For several weeks, the IYSSE has tabled on Sproul Plaza, the political center of campus life, speaking with students about the policy of police censorship and circulating a petition against it. On Wednesday evening, Joseph Santolan, speaking on behalf of the Berkeley IYSSE, addressed the Associated Students of the University of California (ASUC) Senate General Assembly.
Under the new policy, he told the Senate, “free speech on this campus will be for those that the police deem safe or those wealthy enough to pay for it.” The policy “states that it will be enforced in a viewpoint-neutral fashion, but given the opaque character of the process of adjudication there is no way that we can be certain that this is the case. We are bound by this policy to rely on the ‘good intentions’ of the police department. This is not why we have legal statutes. This is not why we have constitutional guarantees… The fact that they don’t have good intentions was revealed to a certain extent by the manner in which this policy has been brought about—behind the back of the student body.”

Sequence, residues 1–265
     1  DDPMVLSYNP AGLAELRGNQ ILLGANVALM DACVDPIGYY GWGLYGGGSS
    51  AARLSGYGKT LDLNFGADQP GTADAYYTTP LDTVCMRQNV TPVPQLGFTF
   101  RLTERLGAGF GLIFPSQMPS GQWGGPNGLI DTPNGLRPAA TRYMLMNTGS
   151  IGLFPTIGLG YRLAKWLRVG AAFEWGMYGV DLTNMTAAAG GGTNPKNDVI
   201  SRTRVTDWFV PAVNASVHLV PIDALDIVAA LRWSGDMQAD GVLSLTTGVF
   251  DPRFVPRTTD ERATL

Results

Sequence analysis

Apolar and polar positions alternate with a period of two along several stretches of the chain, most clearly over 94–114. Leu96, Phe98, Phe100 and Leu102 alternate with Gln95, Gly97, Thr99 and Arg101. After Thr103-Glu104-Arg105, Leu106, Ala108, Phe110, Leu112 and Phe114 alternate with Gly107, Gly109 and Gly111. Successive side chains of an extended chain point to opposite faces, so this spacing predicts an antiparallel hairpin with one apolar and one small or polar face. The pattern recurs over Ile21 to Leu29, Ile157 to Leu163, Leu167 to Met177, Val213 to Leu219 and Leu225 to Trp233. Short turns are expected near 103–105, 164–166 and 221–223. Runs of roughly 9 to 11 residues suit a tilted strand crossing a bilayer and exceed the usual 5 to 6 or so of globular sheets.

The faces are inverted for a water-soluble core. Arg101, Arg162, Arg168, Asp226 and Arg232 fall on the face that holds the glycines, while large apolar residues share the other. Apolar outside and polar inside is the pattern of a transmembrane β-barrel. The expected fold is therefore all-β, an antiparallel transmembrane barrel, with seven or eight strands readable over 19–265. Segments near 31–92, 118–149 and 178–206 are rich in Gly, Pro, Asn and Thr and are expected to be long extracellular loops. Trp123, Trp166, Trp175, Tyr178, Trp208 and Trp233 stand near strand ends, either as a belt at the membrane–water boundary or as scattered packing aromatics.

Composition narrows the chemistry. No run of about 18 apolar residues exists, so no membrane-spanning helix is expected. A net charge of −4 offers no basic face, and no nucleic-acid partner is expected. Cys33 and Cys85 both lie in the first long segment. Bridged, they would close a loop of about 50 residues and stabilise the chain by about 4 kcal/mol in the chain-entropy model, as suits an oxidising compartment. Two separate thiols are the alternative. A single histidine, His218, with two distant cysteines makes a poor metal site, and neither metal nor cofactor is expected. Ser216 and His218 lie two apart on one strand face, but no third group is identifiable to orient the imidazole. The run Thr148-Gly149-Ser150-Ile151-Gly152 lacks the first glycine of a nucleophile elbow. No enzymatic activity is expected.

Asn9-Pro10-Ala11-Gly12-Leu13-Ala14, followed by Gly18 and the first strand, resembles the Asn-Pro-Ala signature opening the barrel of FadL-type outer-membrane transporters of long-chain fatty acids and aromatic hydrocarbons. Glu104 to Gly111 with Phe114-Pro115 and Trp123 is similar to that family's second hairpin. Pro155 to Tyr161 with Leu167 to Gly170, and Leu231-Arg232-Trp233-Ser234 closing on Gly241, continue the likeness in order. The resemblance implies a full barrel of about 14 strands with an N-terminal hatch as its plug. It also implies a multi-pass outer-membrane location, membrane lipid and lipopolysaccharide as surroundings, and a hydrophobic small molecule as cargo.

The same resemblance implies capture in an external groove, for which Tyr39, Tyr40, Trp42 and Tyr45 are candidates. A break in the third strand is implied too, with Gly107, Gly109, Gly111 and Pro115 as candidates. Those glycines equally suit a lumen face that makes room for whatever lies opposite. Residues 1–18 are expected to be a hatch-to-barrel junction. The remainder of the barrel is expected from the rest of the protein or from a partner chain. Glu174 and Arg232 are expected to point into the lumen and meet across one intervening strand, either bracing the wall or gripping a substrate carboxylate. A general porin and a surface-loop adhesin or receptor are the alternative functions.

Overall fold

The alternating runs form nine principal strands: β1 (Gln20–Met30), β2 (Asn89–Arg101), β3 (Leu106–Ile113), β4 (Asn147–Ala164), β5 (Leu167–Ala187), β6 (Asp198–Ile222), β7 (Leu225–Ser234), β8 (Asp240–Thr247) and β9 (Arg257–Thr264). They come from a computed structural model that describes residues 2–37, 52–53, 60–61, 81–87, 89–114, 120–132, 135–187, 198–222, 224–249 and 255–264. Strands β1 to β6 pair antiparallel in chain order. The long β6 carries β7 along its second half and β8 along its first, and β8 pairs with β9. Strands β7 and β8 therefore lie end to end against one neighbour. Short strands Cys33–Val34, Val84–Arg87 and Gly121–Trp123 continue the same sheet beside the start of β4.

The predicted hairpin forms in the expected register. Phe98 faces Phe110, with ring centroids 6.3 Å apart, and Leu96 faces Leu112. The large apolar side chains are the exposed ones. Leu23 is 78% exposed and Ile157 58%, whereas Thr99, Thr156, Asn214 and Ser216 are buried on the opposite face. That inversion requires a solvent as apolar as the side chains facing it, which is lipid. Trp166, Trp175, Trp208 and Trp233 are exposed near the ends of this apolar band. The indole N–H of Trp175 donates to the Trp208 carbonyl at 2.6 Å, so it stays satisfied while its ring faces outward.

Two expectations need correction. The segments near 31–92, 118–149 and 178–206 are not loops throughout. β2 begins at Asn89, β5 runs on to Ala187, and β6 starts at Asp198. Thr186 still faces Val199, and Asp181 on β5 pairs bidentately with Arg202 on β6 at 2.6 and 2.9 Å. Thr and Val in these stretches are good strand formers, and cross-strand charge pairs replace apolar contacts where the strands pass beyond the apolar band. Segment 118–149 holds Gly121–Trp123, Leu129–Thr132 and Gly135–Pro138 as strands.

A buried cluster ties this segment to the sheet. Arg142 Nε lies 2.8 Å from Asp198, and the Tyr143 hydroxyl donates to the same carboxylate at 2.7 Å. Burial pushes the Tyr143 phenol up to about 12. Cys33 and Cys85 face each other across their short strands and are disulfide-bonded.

The next morning, Khira Griscavage, chief of staff to Chancellor Carol Christ, sent an email to the ASUC Senate in response to the speech. The university, she claimed, was modifying the policy to make it less onerous, reducing the mandatory prior notice from eight weeks to five and allowing demonstrations to be held on Sproul Plaza without going through the police review process.
The fundamental thrust of the policy remains unchanged, however. Student groups whose speech the police, for unspecified reasons, deem to be dangerous to campus security will be required to pay the police if they wish to hold a meeting.
The Berkeley IYSSE officially launched its campaign against police censorship with a meeting on Thursday November 30 attended by 25 people, including representatives of several student clubs. Joseph Santolan spoke for the IYSSE, detailing the anti-democratic impact of the new policy. He outlined the history of the Free Speech Movement at Berkeley in the 1960s and how students fought the university and police for the right to campaign on campus against the oppression of African Americans.